One of the attorneys at Justice Law Firm was contacted recently regarding her assistance in working on an international Hague abduction case, referring to a portion of the Hague Convention on the Civil Aspects of International Child Abduction (known as the “Hague Convention”). The Hague Convention is a treaty between multiple countries wherein each country that is a signatory to the treaty agrees to be governed by certain various principles when children are abducted from one signatory country to another signatory country. The United States became a member of the Hague Convention in 1981. A list of signatory countries can be found here: https://travel.state.gov/content/travel/en/Intercountry-Adoption/Adoption-Process/understanding-the-hague-convention/convention-countries.html. You’ll note that our neighboring countries, Mexico and Canada, are signatories to the treaty.
The process can be daunting at first glance (and of course, terrifying for any parent) but there are a lot of resources available for the “left behind” parent. For example, the U.S. Department of State maintains a website that lists immediate steps to take (https://travel.state.gov/content/travel/en/International-Parental-Child-Abduction/prevention/stopping-abduction-in-progress.html).
If you suspect that your child was illegally taken to another country, your first steps are to contact law enforcement without delay – this would be local law enforcement, your local FBI Office, the U.S. Department of State, and National Center for Missing and Exploited Children (NCMEC). Next, you will want to begin gathering important documents, such as any court orders relating to your children, passports, birth certificates, photos, and any medical or school records. This is important because the Hague convention sets forth certain elements that need to be met in order to successfully invoke aspects of the Hague convention, namely that (1) prior to the wrongful removal or retention, the child was an habitual resident of a particular signatory country; (2) the removal or retention was in violation of the country’s laws or court order; and (3) the “left behind” parent was actually exercising his or her custody rights at the time of the wrongful removal or retention. Any documents that you can gather to help prove these elements will be essential to a successful resolution. There are, of course, many more intricate details and nuances within each of the aforementioned elements - this is why you should seek an attorney that is well versed and has experience working on a Hague case.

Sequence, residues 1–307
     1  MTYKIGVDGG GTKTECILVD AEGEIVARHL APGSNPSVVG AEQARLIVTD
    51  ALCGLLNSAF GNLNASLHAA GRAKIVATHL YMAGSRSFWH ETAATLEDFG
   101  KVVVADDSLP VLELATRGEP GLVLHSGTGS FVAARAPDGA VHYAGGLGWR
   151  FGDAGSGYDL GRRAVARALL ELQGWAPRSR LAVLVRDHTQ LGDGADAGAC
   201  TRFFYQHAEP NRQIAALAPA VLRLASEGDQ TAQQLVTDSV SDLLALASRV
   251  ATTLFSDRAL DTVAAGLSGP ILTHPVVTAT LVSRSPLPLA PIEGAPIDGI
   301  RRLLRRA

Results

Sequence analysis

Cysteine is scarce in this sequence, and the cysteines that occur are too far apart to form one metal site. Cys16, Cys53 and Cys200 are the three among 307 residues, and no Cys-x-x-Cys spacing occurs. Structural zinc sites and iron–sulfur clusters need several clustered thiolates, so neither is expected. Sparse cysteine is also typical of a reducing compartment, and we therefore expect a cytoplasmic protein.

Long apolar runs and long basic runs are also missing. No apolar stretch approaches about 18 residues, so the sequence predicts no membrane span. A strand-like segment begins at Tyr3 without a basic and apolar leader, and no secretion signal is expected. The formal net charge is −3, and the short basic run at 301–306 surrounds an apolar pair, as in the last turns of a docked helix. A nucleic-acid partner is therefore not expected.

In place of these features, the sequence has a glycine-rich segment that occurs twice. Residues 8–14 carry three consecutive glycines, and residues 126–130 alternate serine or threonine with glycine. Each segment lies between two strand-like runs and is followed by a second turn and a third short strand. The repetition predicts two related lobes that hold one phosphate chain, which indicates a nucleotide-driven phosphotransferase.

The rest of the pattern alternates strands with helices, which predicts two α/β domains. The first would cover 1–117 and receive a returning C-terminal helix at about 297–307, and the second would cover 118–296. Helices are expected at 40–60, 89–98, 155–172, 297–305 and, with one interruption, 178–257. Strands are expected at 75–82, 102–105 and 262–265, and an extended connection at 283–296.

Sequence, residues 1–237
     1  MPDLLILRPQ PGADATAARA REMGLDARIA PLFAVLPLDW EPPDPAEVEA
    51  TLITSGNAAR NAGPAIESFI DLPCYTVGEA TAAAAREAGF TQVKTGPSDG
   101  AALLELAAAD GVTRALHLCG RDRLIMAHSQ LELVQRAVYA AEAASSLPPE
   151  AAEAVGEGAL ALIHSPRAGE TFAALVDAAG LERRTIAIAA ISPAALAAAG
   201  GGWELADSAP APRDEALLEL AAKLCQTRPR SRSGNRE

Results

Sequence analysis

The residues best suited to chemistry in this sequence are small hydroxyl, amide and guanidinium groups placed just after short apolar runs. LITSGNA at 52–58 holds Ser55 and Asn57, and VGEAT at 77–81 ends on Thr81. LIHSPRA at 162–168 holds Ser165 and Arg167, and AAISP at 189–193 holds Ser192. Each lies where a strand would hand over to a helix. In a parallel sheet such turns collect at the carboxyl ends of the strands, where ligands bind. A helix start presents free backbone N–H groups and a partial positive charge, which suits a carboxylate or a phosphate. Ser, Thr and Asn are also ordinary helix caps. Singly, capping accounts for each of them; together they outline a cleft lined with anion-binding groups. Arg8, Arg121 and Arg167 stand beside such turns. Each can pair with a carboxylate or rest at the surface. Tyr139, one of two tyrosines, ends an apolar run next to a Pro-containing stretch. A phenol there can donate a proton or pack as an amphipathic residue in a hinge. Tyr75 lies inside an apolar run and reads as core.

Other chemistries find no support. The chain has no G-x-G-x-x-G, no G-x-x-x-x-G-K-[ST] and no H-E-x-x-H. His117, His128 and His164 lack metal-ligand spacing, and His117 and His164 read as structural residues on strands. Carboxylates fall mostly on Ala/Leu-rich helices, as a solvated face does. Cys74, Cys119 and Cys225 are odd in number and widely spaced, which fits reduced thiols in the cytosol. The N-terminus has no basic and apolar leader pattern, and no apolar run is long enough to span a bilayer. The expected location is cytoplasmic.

The attorneys at Justice Law Firm have experience in domestic, as well as international, family law issues and would be happy to speak with you about your situation.
A full text of the Hague Convention can be found here: https://travel.state.gov/content/travel/en/International-Parental-Child-Abduction/prevention/stopping-abduction-in-progress.html